Axing trees in Turahalli forest for power line shocks greens

Axing trees in Turahalli forest for power line shocks greens

Non-forestry activities are in full swing inside the Turahalli reserve forest in Bengaluru South, where trees were felled to lay electricity lines, while earthmovers were deployed to lay a road inside it, four days ago.

Wildlife enthusiasts were in for a shock when they saw that a few trees, mostly those of tendu leaves (used in the manufacture of beedis), inside the forest were felled to draw an electricity line up to Shani Mahatma temple atop the hillock. The forest is home to peacocks, snakes, mongoose, wild boars and a variety of birds.

Mohan Gowda, a regular visitor, said drawing an electricity line inside the forest poses a danger to peacocks as they may sit on them and get electrocuted. The assistant engineer of Bescom (Uttarahalli circle) said he was not aware of the felling of trees.

“I have no information about the trees being cut. I will check with my subordinates,” said the engineer. Range forest officer of Kaggalipura T M Devaraj said the electricity lines were laid long ago and Bescom “seems to have taken  permission”. He, however, was not aware that trees were felled for the electricity lines.

“Some bushes might have been cleared, but no trees were cut. I sent my subordinates and they did not find anything objectionable there,” said Devaraj.

Regarding the earthmovers, he said, “Oral permissions were taken by the authorities of the ancient temple for the convenience of devotees. We did not object to the road-laying work as it helps us water the plants there.”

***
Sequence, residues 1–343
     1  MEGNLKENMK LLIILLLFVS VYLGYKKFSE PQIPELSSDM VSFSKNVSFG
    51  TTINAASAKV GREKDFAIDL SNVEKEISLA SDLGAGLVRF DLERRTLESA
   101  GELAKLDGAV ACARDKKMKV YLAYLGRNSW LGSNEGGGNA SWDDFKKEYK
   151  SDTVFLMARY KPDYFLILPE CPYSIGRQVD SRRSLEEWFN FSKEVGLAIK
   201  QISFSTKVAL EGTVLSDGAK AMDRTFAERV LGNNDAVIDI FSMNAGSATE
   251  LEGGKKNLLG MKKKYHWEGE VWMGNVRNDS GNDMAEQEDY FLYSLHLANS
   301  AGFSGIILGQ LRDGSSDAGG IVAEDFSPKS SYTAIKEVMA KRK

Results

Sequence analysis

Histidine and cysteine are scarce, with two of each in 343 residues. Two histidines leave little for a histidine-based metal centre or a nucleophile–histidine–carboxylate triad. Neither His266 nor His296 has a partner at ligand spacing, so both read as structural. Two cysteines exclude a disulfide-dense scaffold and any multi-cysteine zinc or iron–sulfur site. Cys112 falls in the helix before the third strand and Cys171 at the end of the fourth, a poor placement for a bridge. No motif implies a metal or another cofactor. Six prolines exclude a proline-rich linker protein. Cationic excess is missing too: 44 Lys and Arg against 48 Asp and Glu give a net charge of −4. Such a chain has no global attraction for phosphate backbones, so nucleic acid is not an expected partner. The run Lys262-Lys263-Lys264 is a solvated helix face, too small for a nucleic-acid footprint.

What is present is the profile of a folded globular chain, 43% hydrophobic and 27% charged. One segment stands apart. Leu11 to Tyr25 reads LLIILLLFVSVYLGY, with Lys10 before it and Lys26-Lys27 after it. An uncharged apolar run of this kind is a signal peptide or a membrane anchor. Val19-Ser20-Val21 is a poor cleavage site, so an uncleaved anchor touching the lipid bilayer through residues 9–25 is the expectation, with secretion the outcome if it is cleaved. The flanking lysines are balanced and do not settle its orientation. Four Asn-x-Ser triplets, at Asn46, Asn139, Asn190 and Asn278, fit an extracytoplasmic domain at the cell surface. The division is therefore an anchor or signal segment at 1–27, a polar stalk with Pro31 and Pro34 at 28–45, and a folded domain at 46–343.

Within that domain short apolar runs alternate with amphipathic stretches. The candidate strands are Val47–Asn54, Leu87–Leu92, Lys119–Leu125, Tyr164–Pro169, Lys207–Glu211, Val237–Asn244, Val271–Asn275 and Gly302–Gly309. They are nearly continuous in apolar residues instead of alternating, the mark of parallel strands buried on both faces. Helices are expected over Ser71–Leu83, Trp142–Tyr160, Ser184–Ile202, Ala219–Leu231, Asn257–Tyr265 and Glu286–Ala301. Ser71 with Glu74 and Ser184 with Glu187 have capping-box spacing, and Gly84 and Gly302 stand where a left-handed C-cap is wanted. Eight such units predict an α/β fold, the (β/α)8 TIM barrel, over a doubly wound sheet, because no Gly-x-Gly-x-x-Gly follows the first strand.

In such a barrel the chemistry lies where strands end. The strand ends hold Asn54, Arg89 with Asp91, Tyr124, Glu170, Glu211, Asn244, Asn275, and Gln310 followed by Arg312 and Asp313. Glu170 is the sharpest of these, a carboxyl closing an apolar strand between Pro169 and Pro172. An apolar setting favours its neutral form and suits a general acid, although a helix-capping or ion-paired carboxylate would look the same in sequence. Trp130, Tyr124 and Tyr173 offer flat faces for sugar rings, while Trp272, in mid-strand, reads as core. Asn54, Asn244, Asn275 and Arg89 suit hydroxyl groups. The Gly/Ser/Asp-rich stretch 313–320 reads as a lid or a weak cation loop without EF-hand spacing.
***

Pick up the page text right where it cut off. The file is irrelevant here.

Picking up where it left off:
The temple management has gone a step ahead. They were found laying steps up to the temple for the convenience of devotees. However, Devaraj did not find anything wrong in carrying out works inside the Turahalli forest. He said, “Turahalli hillock is not a reserve forest. It is just a minor forest.”

BBMP’s wildlife advisor R Sharath Babu said Turahalli hillock is part of the Bada Manvarthe Kaval reserve forest and hence, calling it a minor forest does not make sense.

Praveen Bhargav of Wildlife First said no agency can carry out non-forestry activities inside the reserve forest.

“For any such activity, the approval from the Union Ministry of Forests and Environment is a must. Road construction cannot be allowed in such a forest,” said Bhargav.

Dipika Bajpai, Deputy Conservator of Forests (Bengaluru Urban), said that in the last six months, no permissions were given for laying electricity line or road work there. She said she needs to check whether Bescom has valid permission for laying the power line.
DH News Service

Brush with realty
Spread over 440 acres, Turahalli forest always attracted the real estate people. About 10 years ago, the entire reserve forest was granted under the Bagair Hukum scheme for ‘cultivation purposes’ to ‘landless farm labourers’. Following a hue and cry by wildlife enthusiasts, the allotment was cancelled. Now, once again, non-forestry activities are on, hinting at a fresh bid to grab it.

Sharath Babu said the land was once sold to software companies. The sale was later cancelled.

“The forest department was supposed to fence the entire patch, but it could not. Only a small portion has been fenced,” Babu said.

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